The Expectant Mother and the Pink Plastic Rosary
How one unborn child was spared through an unexpected encounter
In the winter of 2011, a young Romanian woman Alina Dulgheriu was trudging down a London street. She was eight weeks pregnant and on her way to an abortion center.
As she walked tears came to her eyes. She steadied her resolve as best she could while all around her the indifferent hustle of London continued, even as tears began to roll down her cheeks.
She was later to recount how two competing voices seemed to be speaking to her: one telling her to stop and turn back, another telling her to have an abortion.
Finally, the street she had been searching for came into view. As she drew near to the doorway of the abortion center, a woman approached her. She was from the pro-life group The Good Counsel Network and held out to her a leaflet with the image of a baby in a womb. Alina recognized the image instantly, for she had gone for a scan a few weeks previously. She had seen images on the screen of her unborn baby — a sight that had, unexpectedly, filled her with joy. She turned to the stranger still holding out the photograph.
“Can you help me?”
“Yes, I can help you,” the stranger replied.
The two began exchanging information and phone numbers.
At that moment, the door of the abortion center flew open. An employee of the center stood glaring at the two women talking.
But the older woman, who had offered to help, continued to look straight at Alina. Taking something from her pocket she handed it to the young woman. It was a pink plastic rosary. Alina took it. And, as she did so, she turned to the abortionist in the doorway and said, “They can help me.” And with that, Alina headed back down the street, away from the abortion center, accompanied by the woman whom she had just met. And in her hand Alina clutched the gift of the rosary.
That was not the end of the matter though.
Days later Alina would return to the same place.
The voices in her head kept telling her that the advice and the promises of help were too good to be true. Furthermore, if she did not go through with the abortion soon, she would have to keep the baby.
It had been on Oct. 3, 2011, when Alina discovered that she was pregnant. She telephoned the father of the child. His response: “You have to have an abortion.” But she didn’t want to. Instinctively, she knew that to have an abortion was wrong and explained to him that she wished to carry on with her pregnancy. He laughed mockingly down the phone line at her predicament.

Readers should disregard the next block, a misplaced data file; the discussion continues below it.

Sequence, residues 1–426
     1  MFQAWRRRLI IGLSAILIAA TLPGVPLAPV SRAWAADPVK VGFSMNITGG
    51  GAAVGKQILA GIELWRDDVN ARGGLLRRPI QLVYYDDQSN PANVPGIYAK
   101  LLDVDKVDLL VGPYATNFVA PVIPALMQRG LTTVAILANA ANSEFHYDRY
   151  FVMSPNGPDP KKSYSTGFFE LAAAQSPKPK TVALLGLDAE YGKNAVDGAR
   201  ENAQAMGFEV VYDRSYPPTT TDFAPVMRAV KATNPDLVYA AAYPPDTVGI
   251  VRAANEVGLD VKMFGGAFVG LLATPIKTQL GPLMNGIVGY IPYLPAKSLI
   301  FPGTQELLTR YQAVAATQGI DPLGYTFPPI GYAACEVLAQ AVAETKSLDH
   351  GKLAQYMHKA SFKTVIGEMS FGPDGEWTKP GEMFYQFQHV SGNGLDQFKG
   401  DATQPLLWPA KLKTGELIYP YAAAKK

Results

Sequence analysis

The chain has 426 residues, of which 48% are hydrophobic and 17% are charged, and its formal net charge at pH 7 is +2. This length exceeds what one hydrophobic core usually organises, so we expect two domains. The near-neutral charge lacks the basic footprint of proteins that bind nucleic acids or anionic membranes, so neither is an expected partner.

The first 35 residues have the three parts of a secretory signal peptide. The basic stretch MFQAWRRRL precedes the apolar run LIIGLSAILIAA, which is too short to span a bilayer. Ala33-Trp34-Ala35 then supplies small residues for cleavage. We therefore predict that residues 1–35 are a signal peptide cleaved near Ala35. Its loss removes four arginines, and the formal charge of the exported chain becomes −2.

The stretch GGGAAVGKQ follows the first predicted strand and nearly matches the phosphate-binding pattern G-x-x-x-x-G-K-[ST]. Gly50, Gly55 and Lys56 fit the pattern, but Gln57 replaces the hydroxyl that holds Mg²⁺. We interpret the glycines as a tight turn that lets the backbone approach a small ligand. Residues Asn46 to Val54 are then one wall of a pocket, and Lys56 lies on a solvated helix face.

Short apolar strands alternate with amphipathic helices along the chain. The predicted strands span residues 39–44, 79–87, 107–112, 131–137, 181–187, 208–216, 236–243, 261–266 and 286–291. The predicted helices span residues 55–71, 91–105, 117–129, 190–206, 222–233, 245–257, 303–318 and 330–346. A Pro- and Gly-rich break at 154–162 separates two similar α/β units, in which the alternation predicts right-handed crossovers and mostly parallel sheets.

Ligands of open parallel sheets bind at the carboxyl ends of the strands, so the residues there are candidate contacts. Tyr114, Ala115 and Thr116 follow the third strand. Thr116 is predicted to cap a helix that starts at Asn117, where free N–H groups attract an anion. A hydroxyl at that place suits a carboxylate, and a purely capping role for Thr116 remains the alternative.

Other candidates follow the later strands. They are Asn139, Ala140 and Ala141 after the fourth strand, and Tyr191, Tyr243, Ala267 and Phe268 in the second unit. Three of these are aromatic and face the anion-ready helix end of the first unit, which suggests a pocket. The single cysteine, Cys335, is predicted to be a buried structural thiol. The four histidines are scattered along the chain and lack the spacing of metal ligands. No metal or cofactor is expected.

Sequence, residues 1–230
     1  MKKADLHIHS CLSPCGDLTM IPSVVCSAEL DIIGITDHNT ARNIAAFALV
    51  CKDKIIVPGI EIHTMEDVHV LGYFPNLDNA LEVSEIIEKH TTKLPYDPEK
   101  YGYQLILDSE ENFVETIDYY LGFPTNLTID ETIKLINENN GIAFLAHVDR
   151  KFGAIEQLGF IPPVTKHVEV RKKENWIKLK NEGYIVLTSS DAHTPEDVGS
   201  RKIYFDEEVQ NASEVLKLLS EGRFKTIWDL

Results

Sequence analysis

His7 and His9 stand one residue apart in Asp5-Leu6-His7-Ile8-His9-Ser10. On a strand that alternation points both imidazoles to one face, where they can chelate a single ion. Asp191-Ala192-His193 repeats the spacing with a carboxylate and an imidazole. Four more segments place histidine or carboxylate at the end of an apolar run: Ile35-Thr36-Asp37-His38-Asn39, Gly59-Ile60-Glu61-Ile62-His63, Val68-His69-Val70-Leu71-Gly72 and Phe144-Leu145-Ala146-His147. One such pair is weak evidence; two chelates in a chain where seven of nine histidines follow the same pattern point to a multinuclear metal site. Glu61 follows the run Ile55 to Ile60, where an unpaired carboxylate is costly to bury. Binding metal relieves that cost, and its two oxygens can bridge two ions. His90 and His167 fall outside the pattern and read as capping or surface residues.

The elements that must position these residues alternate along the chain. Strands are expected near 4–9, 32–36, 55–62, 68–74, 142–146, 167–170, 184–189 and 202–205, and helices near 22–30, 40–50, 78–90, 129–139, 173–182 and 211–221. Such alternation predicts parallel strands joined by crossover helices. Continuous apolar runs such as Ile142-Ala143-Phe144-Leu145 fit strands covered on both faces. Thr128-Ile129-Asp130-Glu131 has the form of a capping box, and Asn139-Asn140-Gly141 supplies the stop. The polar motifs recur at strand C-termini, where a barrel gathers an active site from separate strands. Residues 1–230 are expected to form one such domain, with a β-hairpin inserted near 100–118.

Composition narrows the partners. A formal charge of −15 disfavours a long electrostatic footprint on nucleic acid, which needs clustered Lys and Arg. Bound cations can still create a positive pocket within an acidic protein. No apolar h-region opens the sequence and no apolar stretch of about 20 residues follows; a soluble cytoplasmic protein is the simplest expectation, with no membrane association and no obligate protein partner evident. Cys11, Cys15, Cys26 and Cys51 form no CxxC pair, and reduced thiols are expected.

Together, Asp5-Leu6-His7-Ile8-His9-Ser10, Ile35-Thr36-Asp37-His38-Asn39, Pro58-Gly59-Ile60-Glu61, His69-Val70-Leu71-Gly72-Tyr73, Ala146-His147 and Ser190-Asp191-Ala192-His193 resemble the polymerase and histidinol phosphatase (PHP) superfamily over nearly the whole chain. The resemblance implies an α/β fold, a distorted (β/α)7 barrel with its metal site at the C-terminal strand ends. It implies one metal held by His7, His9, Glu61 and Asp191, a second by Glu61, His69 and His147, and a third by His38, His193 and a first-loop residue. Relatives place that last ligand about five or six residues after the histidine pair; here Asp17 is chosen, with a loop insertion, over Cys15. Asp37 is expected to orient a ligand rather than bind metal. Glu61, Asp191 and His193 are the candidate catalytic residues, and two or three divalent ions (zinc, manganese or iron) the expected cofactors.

Everything had changed for Alina on that morning when she discovered she was pregnant. She was working as a nanny in London. Until then, her employers were happy with her work — so much so that they had made her feel part of their family. She had a job, money and accommodation. When she told her employers that she was pregnant, immediately they asked her to leave. She was pregnant, unemployed and homeless in a foreign country.
Alina called her parents in Romania. Her mother told her to have an abortion.
In the end, she gave in and booked an initial appointment at the abortion center. Now, days after failing to go through with the planned procedure, she returned to the abortion center in at Whitfield Street in central London.
The same woman who had given Alina the rosary was once more standing outside the center. But this time Alina walked straight past her into the building.
Nonchalantly, the center receptionist handed Alina a form to fill out, and then sent her off to a dingy waiting room. She remembers a distinctly uneasy feeling upon entering the abortion facility. It was as if the center walls were closing in on her, suffocating her, crushing the life within her. Suddenly, as she was sitting there, the form still in her hand, her cell phone lit up.
“We can help you. We can help you today. We can help you now.”
She knew from whom this message had come. She also knew that at that moment the older woman was still outside, waiting to help. Immediately, Alina got up to leave.
But a center employee had been watching the expectant mother. And as Alina made to go, the center employee approached her, and then began presenting reason after reason why she must have an abortion, insistently, persistently.
Paradoxically, that was the moment that changed everything for Alina. As she stood looking into the face of another woman urging her to kill her unborn child, her thoughts turned to the woman standing outside who wanted only to care both for her and the child she carried in her womb. Alina felt a wave of revulsion at the place in which she stood. She turned and left.
She never returned. Soon after, Alina was found a place to live by the Good Counsel Network. She was assisted financially and was given support in attending various medical appointments. She was helped emotionally and practically throughout her pregnancy until, some months later, at a London hospital, a smiling baby was placed gently into her welcoming arms.
Subsequently, in the years since her own unplanned pregnancy, Alina has stood outside abortion centers. In fact, she has stood outside Whitfield Street abortion center. She had offered assistance to those entering the same place that, years previously, she too had gone to for an abortion. Sometimes, in prayerful vigil, she has stood alongside the older woman who had helped her.
And, while so doing, Alina carries a small item with her, one that has grown more precious as the years have passed from when it was first presented to her on a bleak winter’s day outside an abortion center — namely, a pink plastic rosary.